Contraption to shoot mosquitos with laser beams

In development for several years, the Photonic Fence is an anti-mosquito laser weapon that's apparently now being tested in a real world situation. I hope when it hits the market it still looks like a crazy contraption from a 1960s science fiction film! From the company site:

One potential use of the Photonic Fence is to create a virtual fence that detects insects as they cross its plane. When an invading insect is detected, our software is able to estimate the insect’s size and measure its wing beat frequency. Using this method, not only can the system distinguish between mosquitoes, butterflies, and bumblebees, but it can even determine whether a mosquito is male or female. This is important to know because only female mosquitos bite humans. Once the software establishes that the insect is a valid target, it tracks the mosquito in flight, runs a safety check to ensure no innocent bystanders are in view, and then activates a laser to zap the mosquito. The Photonic Fence could be set along the perimeter of clinics or other strategic areas to control mosquitoes without endangering humans or other animals.

From Wired UK:

When Intellectual Ventures co-founder and former Microsoft chief technology officer Nathan Myhrvold came up with the idea of a bug-killing fence in 2010, the intention was to use it to improve public health in Sub-Saharan Africa. Now, however, the Photonic Fence has become a commercial project with a particular target: the Asian citrus psyllid. This insect invader has reduced citrus production in Florida by at least 70 per cent over the last 15 years.

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Laser-cut, wall-mounted Millennium Falcon clock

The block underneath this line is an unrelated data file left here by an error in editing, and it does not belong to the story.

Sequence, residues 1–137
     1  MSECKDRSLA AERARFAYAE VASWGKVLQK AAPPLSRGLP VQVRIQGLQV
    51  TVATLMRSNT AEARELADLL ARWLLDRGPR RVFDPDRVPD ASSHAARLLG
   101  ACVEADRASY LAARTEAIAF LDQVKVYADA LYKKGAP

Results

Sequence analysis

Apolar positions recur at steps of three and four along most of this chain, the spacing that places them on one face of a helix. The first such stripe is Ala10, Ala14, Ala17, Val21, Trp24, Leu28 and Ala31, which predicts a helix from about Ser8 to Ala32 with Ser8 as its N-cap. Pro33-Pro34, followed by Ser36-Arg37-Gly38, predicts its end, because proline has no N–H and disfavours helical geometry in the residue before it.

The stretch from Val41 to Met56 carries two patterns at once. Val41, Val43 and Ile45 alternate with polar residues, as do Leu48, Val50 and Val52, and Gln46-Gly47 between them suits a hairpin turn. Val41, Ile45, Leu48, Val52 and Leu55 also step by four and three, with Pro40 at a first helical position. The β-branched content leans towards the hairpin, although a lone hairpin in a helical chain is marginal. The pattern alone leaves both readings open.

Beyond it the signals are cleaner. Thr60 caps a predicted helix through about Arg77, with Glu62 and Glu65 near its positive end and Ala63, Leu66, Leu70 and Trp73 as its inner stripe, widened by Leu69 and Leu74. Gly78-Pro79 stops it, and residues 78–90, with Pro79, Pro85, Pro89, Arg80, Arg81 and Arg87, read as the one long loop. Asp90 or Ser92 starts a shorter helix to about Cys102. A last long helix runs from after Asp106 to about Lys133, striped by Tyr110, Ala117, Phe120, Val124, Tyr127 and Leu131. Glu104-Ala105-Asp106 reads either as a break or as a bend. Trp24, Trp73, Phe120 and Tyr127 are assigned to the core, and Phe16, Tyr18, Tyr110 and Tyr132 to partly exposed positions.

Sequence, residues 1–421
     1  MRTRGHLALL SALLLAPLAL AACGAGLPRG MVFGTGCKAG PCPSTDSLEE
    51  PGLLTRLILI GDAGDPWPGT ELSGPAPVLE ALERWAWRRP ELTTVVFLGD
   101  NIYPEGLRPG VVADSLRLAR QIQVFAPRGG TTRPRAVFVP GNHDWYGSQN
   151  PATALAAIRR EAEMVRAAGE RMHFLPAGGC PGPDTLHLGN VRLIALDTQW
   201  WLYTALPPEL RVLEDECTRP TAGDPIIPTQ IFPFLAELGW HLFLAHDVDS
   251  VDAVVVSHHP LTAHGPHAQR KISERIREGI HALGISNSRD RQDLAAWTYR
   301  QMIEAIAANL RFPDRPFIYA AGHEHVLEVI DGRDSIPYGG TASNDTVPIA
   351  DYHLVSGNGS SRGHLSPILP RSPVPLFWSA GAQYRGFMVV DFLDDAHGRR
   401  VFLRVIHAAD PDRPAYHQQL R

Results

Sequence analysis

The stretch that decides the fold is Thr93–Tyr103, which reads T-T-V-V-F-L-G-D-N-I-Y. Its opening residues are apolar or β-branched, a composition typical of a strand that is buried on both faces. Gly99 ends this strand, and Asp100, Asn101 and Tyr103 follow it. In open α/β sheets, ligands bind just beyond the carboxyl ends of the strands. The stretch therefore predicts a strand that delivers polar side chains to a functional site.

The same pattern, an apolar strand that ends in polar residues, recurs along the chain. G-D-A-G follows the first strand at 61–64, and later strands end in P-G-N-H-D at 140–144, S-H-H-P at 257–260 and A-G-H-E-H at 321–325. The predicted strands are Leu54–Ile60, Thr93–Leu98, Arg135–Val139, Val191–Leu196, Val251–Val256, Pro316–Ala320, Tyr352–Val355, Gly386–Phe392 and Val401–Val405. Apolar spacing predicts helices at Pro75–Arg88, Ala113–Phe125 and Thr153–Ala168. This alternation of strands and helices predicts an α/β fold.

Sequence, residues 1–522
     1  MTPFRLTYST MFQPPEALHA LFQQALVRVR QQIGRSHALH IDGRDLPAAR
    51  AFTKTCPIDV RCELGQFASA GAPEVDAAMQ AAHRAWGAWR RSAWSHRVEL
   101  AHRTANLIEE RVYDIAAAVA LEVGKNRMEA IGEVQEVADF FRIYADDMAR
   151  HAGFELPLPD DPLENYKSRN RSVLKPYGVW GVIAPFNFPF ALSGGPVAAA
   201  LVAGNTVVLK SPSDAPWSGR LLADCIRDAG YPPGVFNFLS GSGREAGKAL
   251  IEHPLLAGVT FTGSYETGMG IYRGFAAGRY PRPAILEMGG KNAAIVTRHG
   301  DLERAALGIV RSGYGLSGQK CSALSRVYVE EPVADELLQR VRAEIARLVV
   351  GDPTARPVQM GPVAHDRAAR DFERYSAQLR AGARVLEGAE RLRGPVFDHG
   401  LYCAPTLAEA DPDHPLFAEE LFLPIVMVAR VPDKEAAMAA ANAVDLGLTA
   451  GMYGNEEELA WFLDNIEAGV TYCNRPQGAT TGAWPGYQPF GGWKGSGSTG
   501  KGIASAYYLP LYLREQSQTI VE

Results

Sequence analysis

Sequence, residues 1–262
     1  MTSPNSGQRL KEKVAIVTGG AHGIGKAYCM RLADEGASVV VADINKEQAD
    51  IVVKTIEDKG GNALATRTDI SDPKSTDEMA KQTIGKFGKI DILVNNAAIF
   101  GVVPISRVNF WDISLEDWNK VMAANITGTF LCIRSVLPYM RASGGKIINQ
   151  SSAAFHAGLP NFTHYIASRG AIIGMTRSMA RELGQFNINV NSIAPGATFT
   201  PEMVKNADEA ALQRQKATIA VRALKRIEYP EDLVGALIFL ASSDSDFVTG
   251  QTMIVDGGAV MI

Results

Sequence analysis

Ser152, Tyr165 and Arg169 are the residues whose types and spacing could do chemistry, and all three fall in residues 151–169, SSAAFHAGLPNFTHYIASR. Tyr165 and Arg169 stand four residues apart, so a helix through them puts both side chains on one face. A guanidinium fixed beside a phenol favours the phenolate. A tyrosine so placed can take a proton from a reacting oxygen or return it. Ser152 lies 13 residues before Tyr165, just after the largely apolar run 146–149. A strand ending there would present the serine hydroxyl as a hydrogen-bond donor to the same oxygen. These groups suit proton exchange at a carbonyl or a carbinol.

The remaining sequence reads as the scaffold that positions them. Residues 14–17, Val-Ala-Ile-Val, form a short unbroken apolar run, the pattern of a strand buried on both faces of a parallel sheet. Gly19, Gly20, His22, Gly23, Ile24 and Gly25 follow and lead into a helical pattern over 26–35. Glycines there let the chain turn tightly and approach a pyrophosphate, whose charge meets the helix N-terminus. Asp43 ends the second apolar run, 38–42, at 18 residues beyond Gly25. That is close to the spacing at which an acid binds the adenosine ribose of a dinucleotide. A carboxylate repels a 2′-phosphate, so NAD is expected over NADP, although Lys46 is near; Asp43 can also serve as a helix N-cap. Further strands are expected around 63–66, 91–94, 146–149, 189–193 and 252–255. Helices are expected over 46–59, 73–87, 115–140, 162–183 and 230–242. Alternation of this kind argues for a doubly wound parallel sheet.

The $38 Millennium Falcon wall clock is handmade to order from plywood, birch and MDF by Hamstercheeks in Nottingham, UK, who uses a laser-cutter to turn orders around in 2-5 business days (the clock itself is an AA-powered quartz sweep movement). (via Geekymerch) Read the rest

Dice so nerdy, they make other dice seem not nerdy

Eric Harshbarger's weird, laser-engraved dice are a tour-de-force: a pair of D6s for figuring out where to go for dinner in NYC; another D6 to figure out which die you should roll; an all-20s critical hit D20; Sicherman D6s that have different faces to a normal D6 pair, but the same probability distribution; punctuation mark dice (I've had students who were definitely using these); dice for indecisive people, and so on. Read the rest

Advances in transparent, brain-revealing skull-windows

Researchers at UC Riverside and Centro de Investigación Científica y de Educación Superior de Ensenada have published a paper describing their ongoing success in setting a "transparent nanocrystalline yttria-stabilized-zirconia" into patients' skulls, which reveal the patients' brains so that the patients' brains can be zapped with therapeutic lasers. Read the rest

HOWTO make a laser-cut Cupid automata

Rob Ives created this great laser-cut cupid automata and has supplied files and instructions for recreating it with your own laser-cutter (or that of your local makerspace). Read the rest

Laser-cut birchwood landscape rings

Clive Roddy's Etsy store has a number of beautiful landscape rings made from stacked thicknesses of laser-cut birch, which you can mix and match -- there are houses, trees and mountains (there's also an acrylic tsunami). They're $24 each and ship from the UK.

CliveRoddy (via The Mary Sue) Read the rest

Bike light with laser cannon creates a glowing, personal bike-lane

ThinkGeek's $25 Blazing Skull Bicycle Tail Light has a pair of "laser cannon" that draw six-foot lines of red light on either side of your bike, creating "your own glowing bike lane."

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